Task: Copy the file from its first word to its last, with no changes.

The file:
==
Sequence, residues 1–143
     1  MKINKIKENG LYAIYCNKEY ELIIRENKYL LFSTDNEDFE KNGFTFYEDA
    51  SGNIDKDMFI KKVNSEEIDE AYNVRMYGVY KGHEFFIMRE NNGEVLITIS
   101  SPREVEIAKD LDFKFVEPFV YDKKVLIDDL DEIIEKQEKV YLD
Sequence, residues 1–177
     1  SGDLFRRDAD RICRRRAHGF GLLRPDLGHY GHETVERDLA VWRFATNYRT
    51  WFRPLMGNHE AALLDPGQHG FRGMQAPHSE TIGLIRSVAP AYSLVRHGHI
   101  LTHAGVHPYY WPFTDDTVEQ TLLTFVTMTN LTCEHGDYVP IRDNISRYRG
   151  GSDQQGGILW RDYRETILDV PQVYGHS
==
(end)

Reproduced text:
Sequence, residues 1–143
     1  MKINKIKENG LYAIYCNKEY ELIIRENKYL LFSTDNEDFE KNGFTFYEDA
    51  SGNIDKDMFI KKVNSEEIDE AYNVRMYGVY KGHEFFIMRE NNGEVLITIS
   101  SPREVEIAKD LDFKFVEPFV YDKKVLIDDL DEIIEKQEKV YLD
Sequence, residues 1–177
     1  SGDLFRRDAD RICRRRAHGF GLLRPDLGHY GHETVERDLA VWRFATNYRT
    51  WFRPLMGNHE AALLDPGQHG FRGMQAPHSE TIGLIRSVAP AYSLVRHGHI
   101  LTHAGVHPYY WPFTDDTVEQ TLLTFVTMTN LTCEHGDYVP IRDNISRYRG
   151  GSDQQGGILW RDYRETILDV PQVYGHS